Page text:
Is Ford CEO wrong on hybrids and plug-ins?
Hybrid sales have tanked even more than realized
In the last few years the government has bought one quarter of all GM and Ford hybrids as hybrid sales, overall, have declined. And even more plug-in hybrids, such as the Chevy Volt, will be bought by the government.
But, if government subsidies and purchases are the key to hybrids and plug-ins, the US automotive business model is destined for a blow out according to Ford CEO Alan Mulally.
“He was saying, ‘You have to have a business that doesn’t need all these government incentives,’” said Karen Hampton , a Ford spokeswoman said, recounting the talk. “Incentives have a role to play when you’re trying to get new technology off the ground or change behaviors, but it’s not meant to be a permanent part of the business equation.”
Unfortunately, according to a gazillion studies on the subject, plug-ins have no chance of achieving any level of viability without massive, almost-permanent government intervention. And today’s hybrid car sales seem to prove that quite conclusively.
Today, hybrid sales are pretty much all about the Toyota Prius. Yet, the Prius isn’t even a top ten seller in the US. Take away government and fleet sales and less than 2 percent of conventional consumers are even interested in actually buying a hybrid, despite studies that suggest a significant percent of consumers are interested in hybrids - but ONLY as long as they don’t cost extra.
Unfortunately, today most auto consumers believe the Prius and other hybrids cost too much extra, especially up front. Ironically, despite costing twice as much as the Prius, the Chevy Volt will only save consumers $300 per year in fueling costs compared to the Prius according to the government.
What consumer wouldn’t want to save $300 per year for only an extra $20,000 up front?
Yet, perhaps Mulally is hitting upon an even a larger issue.
GM might be profitable today, but that doesn’t mean GM, nor any other US automaker, will be profitable tomorrow. Moreover, today’s profitability took tens of billions in government aid to achieve and billions more in government loans, grants etc. to build vehicles like the Volt. Plus, any Volt success will be dependent not just upon massive government incentives, but massive government purchasing.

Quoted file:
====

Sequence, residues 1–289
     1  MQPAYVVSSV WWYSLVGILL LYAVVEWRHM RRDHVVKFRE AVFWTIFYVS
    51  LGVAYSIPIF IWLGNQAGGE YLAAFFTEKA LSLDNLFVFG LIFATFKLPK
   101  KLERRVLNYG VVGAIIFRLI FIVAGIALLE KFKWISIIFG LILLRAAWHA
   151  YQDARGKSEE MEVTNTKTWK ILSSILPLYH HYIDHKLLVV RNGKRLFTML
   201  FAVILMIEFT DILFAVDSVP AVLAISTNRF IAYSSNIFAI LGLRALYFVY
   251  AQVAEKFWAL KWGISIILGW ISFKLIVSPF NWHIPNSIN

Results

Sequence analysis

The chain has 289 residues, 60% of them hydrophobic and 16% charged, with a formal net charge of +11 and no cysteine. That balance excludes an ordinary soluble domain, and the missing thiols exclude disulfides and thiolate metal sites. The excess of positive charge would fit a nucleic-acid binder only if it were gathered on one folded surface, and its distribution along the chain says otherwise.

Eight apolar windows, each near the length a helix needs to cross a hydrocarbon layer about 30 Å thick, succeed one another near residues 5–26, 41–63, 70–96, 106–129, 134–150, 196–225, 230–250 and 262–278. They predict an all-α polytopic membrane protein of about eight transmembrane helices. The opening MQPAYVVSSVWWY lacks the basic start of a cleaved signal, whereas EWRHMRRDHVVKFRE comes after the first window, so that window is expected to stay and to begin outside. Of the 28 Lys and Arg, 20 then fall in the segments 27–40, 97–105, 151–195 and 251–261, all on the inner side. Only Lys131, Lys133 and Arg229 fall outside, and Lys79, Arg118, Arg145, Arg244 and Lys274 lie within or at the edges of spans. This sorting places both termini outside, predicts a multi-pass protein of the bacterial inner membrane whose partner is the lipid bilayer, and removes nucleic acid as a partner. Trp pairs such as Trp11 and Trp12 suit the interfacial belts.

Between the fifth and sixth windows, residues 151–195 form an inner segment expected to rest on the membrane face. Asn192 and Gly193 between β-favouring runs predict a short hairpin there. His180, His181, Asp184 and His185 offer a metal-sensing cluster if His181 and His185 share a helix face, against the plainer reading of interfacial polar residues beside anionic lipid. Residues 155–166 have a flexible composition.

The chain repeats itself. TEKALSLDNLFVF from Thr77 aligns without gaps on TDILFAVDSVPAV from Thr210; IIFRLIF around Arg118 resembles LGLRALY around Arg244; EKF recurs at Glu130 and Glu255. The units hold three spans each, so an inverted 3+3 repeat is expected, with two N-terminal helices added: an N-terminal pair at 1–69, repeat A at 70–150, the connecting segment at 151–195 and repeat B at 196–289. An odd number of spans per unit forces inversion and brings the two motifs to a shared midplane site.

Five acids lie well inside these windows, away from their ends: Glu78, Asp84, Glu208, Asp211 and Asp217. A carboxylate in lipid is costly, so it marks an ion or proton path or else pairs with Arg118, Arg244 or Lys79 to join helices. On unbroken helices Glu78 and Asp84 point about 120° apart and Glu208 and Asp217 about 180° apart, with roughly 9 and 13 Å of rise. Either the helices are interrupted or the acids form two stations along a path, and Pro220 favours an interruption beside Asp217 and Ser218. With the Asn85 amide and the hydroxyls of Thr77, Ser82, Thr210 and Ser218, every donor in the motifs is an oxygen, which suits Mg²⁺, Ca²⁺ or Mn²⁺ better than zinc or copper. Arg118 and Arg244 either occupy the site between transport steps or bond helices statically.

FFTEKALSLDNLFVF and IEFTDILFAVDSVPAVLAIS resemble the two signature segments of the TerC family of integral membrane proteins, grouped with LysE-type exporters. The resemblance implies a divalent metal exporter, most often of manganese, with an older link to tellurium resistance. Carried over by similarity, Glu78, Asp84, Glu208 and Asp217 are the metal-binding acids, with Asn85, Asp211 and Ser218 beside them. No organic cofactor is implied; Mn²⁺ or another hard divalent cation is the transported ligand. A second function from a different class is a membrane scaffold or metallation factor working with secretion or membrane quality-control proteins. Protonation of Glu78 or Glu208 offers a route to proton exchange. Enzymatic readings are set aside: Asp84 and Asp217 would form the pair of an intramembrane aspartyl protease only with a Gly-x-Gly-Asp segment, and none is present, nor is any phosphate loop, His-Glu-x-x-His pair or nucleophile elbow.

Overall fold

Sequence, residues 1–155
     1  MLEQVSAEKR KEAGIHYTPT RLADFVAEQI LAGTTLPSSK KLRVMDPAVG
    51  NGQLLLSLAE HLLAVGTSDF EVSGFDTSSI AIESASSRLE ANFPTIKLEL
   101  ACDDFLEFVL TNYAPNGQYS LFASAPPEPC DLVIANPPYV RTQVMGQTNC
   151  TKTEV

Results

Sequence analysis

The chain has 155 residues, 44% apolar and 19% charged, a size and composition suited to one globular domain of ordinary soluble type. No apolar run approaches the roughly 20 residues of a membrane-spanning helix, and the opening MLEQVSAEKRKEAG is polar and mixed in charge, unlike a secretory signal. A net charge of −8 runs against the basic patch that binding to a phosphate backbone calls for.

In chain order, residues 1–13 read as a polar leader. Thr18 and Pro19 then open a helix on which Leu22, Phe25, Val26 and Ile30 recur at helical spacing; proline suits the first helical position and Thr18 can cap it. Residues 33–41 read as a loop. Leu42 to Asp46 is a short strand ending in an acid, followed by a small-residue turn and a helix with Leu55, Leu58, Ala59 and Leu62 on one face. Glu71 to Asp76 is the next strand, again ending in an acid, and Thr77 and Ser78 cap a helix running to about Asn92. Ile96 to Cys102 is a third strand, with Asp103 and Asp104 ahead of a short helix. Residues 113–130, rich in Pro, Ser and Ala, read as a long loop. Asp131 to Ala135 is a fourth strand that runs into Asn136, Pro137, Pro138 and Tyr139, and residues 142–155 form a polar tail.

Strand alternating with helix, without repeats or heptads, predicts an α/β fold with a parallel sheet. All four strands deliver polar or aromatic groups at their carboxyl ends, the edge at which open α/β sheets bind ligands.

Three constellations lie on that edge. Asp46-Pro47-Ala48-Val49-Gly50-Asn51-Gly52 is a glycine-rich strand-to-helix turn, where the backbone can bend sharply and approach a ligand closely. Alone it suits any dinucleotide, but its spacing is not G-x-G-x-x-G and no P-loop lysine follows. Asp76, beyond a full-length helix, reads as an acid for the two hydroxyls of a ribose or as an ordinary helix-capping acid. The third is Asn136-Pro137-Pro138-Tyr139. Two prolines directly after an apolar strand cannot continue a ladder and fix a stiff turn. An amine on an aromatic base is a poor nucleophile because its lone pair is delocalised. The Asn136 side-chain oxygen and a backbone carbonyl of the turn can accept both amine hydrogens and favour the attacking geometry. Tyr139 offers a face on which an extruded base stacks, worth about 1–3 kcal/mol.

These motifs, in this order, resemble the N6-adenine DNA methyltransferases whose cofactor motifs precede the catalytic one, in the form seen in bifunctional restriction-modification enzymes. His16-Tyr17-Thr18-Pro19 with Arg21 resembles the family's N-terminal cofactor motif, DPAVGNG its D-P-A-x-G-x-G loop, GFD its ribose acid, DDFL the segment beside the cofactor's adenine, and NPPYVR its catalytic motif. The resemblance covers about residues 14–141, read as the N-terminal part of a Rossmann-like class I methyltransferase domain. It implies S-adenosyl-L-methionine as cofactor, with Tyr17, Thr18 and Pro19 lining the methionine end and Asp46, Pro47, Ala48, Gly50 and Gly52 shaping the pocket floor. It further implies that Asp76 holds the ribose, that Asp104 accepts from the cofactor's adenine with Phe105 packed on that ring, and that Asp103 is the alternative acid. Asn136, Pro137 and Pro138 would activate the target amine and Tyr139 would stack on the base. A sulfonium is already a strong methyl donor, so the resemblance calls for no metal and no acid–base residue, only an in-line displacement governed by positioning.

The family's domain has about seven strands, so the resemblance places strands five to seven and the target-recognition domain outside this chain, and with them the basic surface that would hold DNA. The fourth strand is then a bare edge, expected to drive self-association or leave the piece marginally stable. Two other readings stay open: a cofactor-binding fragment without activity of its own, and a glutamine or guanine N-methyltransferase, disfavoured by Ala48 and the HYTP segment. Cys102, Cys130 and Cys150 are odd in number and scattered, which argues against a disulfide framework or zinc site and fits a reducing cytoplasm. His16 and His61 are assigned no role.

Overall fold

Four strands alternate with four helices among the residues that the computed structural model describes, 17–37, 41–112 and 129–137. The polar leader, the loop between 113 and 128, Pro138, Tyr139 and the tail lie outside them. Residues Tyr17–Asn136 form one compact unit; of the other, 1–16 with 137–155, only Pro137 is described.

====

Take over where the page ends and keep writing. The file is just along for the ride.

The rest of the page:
The Volt is not going to run GM into deep profits. That’s for certain.
Regardless, years ago I would have attacked Ford’s CEO with a vengeance, believing he was both underestimating the potential of consumers and of hybrid and plug-in vehicles, but a decade of sales data has changed my tune. Sadly, the mountain of evidence supporting Mulally is essentially undeniable to any objective reviewer of the data.
Of course, that doesn’t mean Ford is offering a real solution, although I do give Ford some significant props for Ecoboost and its very big embrace of small cars like the the Fiesta and Focus. Nevertheless, the dangers of foreign oil dependence loom as large as ever, not to mention the snail’s pace economic recovery. It would take little to push US auto sales back to around 10 million units per year or less, and push the US auto industry back into bankruptcy.
Disappointingly, the Chevy Volt offers NOTHING to minimize such risk in the next decade, maybe even two. Even if a big gas spike, for instance, made the Volt more cost-effective, most US auto consumers simply wouldn’t be able to afford such vehicles since every other consumer product would also cost more. Even the significantly cheaper Prius would probably still be too expensive for most.
So what else can be done?
Inevitably, it seems to me that Mr. Mulally, possibly the best CEO in the auto industry – the same CEO that kept Ford out of bankruptcy and buoyed the entire US auto industry – is the most important voice in the US auto industry today. That CEO seems to be saying that the US auto industry is on a slippery slope. Dangers and risks are everywhere and too many of the solutions being put forth are mostly just cost-ineffective marketing gimmicks almost completely funded and supported by the government.
Consequently, much more comprehensive coordination between automakers and government – based on reality – seems desperately needed. Shareholder profits must be reconnected to national security in the short term and the long term, especially considering how indebted the US auto industry is to the government and taxpayers.
While outlandish, I’d love to see Mr. Mulally and Ford host – and challenge – the rest of the auto industry and the government to a conference on ending US foreign oil dependence by 2025. Certainly, such a moonshot might be entirely impossible to achieve, but it’s time to start thinking big and viable.